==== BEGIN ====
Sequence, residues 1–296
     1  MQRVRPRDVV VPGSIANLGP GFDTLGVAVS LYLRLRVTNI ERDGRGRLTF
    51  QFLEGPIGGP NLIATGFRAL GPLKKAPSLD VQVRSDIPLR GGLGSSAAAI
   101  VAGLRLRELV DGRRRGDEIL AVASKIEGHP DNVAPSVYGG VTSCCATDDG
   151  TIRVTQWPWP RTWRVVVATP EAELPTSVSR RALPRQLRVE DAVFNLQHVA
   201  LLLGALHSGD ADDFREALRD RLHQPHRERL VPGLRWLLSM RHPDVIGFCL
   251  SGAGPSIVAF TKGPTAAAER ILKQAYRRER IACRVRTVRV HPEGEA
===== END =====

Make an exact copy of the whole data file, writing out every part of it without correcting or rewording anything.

Sequence, residues 1–296
     1  MQRVRPRDVV VPGSIANLGP GFDTLGVAVS LYLRLRVTNI ERDGRGRLTF
    51  QFLEGPIGGP NLIATGFRAL GPLKKAPSLD VQVRSDIPLR GGLGSSAAAI
   101  VAGLRLRELV DGRRRGDEIL AVASKIEGHP DNVAPSVYGG VTSCCATDDG
   151  TIRVTQWPWP RTWRVVVATP EAELPTSVSR RALPRQLRVE DAVFNLQHVA
   201  LLLGALHSGD ADDFREALRD RLHQPHRERL VPGLRWLLSM RHPDVIGFCL
   251  SGAGPSIVAF TKGPTAAAER ILKQAYRRER IACRVRTVRV HPEGEA